Dermatologists seem to be gravitating toward meeting patients’ demands for cosmetic surgery services. Sure, some talk about how sad it is that medical dermatology is in decline. I prefer to be optimistic and note how much good we’re doing with our cosmetic surgical procedures.
Given patients’ willingness to pay hundreds or thousands of dollars for cosmetic services and unwillingness to pay even a co-pay for various medical treatments, it’s obvious how much more valuable cosmetic services are to some patients and how much good we do when we meet those needs.
Similarities Between Tanning and Cosmetic Surgery
If we do recognize that meeting patient desires in the cosmetic realm is valuable, might we also apply this to indoor tanning? Patients perceive that they look better with a tan. They may feel more self-confident. Are those not the same claims offered by proponents of cosmetic surgery for the value they offer patients?
One might differentiate tanning from cosmetic surgery by the fact that there are risks to tanning. There’s a risk of photoaging and of non-melanoma skin cancer and probably some risk of death from melanoma due to tanning.
Yet, there are risks to cosmetic surgery, too. The procedures most dermatologists perform (such as muscle paralysis and chemical peels) are fairly low risk. But, some cosmetic surgery procedures have a risk of significant morbidity, some even death.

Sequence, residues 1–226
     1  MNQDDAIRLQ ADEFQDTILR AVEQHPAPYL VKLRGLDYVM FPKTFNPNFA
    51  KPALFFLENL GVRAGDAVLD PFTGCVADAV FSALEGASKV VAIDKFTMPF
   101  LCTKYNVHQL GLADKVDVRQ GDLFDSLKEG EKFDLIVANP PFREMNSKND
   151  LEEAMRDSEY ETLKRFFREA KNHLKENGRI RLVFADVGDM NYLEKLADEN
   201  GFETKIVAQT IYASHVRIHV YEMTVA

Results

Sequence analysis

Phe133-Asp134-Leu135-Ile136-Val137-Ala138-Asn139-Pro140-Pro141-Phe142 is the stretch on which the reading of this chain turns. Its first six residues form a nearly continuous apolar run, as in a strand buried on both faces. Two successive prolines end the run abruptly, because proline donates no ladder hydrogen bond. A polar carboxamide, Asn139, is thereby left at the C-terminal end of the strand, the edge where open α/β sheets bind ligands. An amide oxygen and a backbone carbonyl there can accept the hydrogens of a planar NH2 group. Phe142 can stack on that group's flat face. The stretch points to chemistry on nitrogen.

Is the risk-to-benefit ratio all that different between tanning and cosmetic procedures? It would be interesting to see a quantitative assessment.
Physicians may or may not perceive benefits that patients perceive. A growing number of dermatologists recognize how patients benefit from cosmetic surgery (for which we are paid) but largely fail to acknowledge benefits patients perceive from tanning. Other physicians may recognize patients’ perceptions of the value of a tan and may even offer chemical tan services in their spas. While safer from a skin cancer perspective, doesn’t this feed into societal biases that favor tanning?
Are Regulations Necessary?
Is there a disconnect between our aggressive efforts to reduce UV exposure behaviors and our growing interest in providing cosmetic surgery services?
We seem to feel that regulating tanning is critical to protecting people from their own choices. Bans on tanning in young children seem reasonable to just about everyone (including most tanning salon operators, I suspect).
Should we consider regulating cosmetic procedures in this population, as well?
Personally, I think we have too much government regulation, and not enough common sense.
Are we that different from tanning bed operators?
Look, I know tanning is bad for skin. I don’t recommend people go to a tanning bed (unless perhaps for some medical indication). And I also don’t push people to have unnecessary cosmetic procedures.
Both tanning operators and cosmetic surgeons are giving people something they desire, something that has risks, and something that is not medically indicated. When we cater to our patients’ requests for cosmetic services, how different are we from tanning bed operators?
Maybe tanning bed operators aren’t as evil as we make them out to be.